Q We have a 4th grader who has struggled since preschool with a learning disorder. Her intelligence is average to above average. Her reading comprehension is way above average but her decoding and fluency is extremely below average. She has received services for years from our amazing school system. Still reading is extremely hard for her and she does anything to avoid it.Last year, 3rd grade, she became emotionally uncontrollable at school, getting enraged when frustrated by an academic demand. She got help from a behaviorist and she made good progress. She definitely "buys into" the reward system and she has an aide who she has bonded with.This year she has done much better emotionally even while she struggles academically. She knows her strategies to use when she feels herself getting upset. Still, yesterday she went ballistic in school over an academic demand, and needed to be put in a restraint hold, something they hadn't have to do since last year. Supposedly this behavior was 'extinct,' so it's troubling that it should happen again. We are at a loss as to what to do next. We would appreciate any advice you can send our way.
You have been very resourceful and have advocated well for your daughter. From the way you describe her struggles I think that two issues are going on simultaneously.
First of all, it sounds like your daughter struggles with the mechanics of reading-decoding. This is a fundamental issue in students who are dyslexic. There are many ways to remediate and compensate for dyslexia. A child needs to be taught many decoding strategies and needs support to use those strategies in every subject area because reading is required in language arts, writing, math, social studies, science. Reading decoding strategies need to be taught and reviewed daily. Once a child masters the basics, then rules of syllabication and decoding are important to learn for both reading and spelling. It sounds like your child often becomes frustrated, overwhelmed or overloaded. It could be during any subject area that would require reading or writing. Using both coping and behavioral strategies are important tools. But it is also very important to provide ways for her to manage the complexity of reading demands. She may require a reader to read directions, instructions or content in textbooks or information that is written on the board. Even copying a simple homework assignment that has been given orally can be a struggle for dyslexic children. In addition, during independent reading times, a reader may be needed, or your daughter needs to learn to use recorded books. Recorded books are available for fiction and non-fiction/text reading too. For more information check out this site.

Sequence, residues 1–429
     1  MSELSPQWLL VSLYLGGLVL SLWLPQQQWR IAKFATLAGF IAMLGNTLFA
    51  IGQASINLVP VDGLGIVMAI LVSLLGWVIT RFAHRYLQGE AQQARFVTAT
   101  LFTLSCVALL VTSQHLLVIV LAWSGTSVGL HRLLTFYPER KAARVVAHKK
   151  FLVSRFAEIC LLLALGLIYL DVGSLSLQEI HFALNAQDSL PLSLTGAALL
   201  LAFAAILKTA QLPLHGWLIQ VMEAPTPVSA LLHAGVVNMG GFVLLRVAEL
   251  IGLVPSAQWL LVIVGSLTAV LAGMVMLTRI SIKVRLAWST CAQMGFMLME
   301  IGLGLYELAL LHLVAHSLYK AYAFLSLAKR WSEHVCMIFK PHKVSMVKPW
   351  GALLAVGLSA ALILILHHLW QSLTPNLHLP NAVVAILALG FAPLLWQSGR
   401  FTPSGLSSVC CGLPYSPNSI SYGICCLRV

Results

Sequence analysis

Another goal is to ensure that your child feels happy and productive throughout her day. A special education class may be a good alternative to the mainstream when a child is very frustrated with the workload and when there is not enough individualized attention, as well as special attention to building the toolkit of decoding, coping and advocacy strategies that she needs.